Pain Management and Opioid Prescribing in Primary Eye Care

    • CE credits 3 hours
    • COPE code 68658-PH / 120089
    • Available until Jul 8, 2023

Introduction

Learning Objectives

  • To review the pathophysiology, causes, and assessment of ocular pain
  • To review the nonpharmacological, pharmacological (including opioids), and surgical or procedural therapies for the treatment of ocular pain
  • To review opioid prescribing guidelines and recommendations

CASE

A 22-year-old male presents to your clinic with an exquisitely painful right eye. He is experiencing significant photophobia. Upon initial inspection, conjunctival injection and mucopurulent discharge around the affected eye are present. His visual acuity is hand motion OD and 20/20 OS, full EOM, pupils measure 4 mm dark and 2 mm light OU, with no RAPD. On slit lamp examination you see a stromal infiltrate and epitheliopathy. You recall seeing him two weeks prior—when he only had symptoms of cloudy vision and photophobia, for which you prescribed topical antibiotic therapy. Surprised that his condition has paradoxically worsened, you check his chart and see that he has a history of contact lens use and fibromyalgia. He says he has maxed out the recommended dose of acetaminophen and ibuprofen to no avail, and is requesting “something stronger” urgently.1, 2

Fig 1. Stromal infiltrate and epitheliopathy on slit lamp examination.

Shortly after, you are called to consult on an 82-year-old male patient with marked swelling of the left eye and associated pain described as “sheer agony”. You notice a blister on the patient's nose and ask how he has been feeling lately. He reveals a 4-day history of progressively worsening malaise, headache, and “prickly” sensations around his forehead that compel him to itch and rub constantly, even throughout the night. On physical exam, his right eye is completely normal, but you are unable to perform a full inspection of the left eye due to the swelling.3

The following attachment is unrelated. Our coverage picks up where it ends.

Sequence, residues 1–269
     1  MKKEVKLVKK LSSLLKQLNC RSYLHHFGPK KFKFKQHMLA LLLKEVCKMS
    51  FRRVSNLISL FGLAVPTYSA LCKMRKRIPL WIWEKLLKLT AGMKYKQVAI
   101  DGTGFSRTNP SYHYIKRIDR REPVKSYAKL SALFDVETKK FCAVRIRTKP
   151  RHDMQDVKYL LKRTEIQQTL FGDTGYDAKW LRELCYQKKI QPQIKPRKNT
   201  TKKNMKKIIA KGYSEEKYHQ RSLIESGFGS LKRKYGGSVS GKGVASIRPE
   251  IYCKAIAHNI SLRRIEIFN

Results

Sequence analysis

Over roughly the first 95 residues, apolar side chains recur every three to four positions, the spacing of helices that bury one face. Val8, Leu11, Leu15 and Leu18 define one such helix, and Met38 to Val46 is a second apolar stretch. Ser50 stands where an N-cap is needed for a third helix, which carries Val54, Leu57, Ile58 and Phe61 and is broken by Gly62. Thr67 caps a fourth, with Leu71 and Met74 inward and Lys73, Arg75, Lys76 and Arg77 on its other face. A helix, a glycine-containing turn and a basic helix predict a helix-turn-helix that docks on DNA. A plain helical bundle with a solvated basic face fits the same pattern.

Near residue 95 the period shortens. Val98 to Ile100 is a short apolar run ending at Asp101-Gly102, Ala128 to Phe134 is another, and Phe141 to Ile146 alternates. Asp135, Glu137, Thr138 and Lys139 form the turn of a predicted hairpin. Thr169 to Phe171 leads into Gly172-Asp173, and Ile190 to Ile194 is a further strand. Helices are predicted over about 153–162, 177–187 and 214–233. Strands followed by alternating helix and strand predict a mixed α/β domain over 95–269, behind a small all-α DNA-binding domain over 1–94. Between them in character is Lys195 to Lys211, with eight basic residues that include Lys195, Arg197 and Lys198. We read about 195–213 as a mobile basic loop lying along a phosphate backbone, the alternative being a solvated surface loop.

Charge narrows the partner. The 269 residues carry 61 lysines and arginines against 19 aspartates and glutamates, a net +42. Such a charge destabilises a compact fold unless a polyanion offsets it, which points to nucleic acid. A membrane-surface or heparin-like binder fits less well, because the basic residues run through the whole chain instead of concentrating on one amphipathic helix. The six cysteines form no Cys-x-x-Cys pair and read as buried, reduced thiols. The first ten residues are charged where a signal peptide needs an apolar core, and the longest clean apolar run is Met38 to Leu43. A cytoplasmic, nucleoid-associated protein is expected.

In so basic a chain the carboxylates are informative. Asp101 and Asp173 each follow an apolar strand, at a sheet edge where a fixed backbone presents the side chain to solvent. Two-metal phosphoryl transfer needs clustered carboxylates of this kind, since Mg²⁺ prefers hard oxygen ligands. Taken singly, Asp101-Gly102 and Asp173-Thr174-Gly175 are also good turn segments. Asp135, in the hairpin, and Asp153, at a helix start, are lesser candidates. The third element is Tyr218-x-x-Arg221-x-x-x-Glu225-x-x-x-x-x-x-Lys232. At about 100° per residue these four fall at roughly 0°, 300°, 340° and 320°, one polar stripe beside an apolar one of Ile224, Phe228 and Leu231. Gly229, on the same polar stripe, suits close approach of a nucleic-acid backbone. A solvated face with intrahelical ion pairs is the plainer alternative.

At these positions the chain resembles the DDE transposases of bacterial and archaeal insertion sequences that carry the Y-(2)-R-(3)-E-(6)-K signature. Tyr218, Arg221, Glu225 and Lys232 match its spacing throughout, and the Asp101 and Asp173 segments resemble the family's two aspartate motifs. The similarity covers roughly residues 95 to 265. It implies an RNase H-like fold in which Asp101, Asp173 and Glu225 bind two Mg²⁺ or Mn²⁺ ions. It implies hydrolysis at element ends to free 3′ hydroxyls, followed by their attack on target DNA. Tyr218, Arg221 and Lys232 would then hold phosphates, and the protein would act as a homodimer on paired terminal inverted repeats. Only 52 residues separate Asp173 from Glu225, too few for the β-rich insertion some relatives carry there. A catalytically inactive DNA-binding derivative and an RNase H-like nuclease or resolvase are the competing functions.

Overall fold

You see a few more patients and end the day—the Friday before a long weekend—with your final consult: a 54-year-old female with “excruciating” pain in her right eye. She is unable to open the affected eye and reluctantly discloses that her 5-year-old grandson struck her with a tree branch while they were out gardening. Review of systems is negative, but she discloses a 30-pack/year history of smoking. Visual acuity is 20/100 OD and 20/30 OS, IOP measures 21 mmHg OD and 14 mm Hg OS. Pupillary shape is normal, with no hyphema and negative Seidel's test. You notice an increased uptake on fluorescein staining at the superotemporal aspect of the cornea.4

Fig 2. Fluorecein staining on slit lamp examination.

Quick Question

What is your approach to managing these three patients?

  • Arrange a prescription for a 3-day course of a low-dose opioid (no refills) for all three patients for immediate and effective pain relief, and arrange to see them again for follow-up investigations after the long weekend.
  • Arrange a prescription of antibiotics for all three patients since they are suffering from infectious (or potentially infectious) causes of ocular pain that must be treated urgently.
  • Conduct a thorough clinical evaluation for all three patients and treat the cause of the pain, using a multimodal approach combining nonpharmacological, pharmacological, and procedural therapies.
     
    CORRECT
  • Encourage all three patients to apply artificial tears generously and trial over-the-counter pain medications, reminding them to arrange a follow-up consult in 5–7 days if the pain persists.

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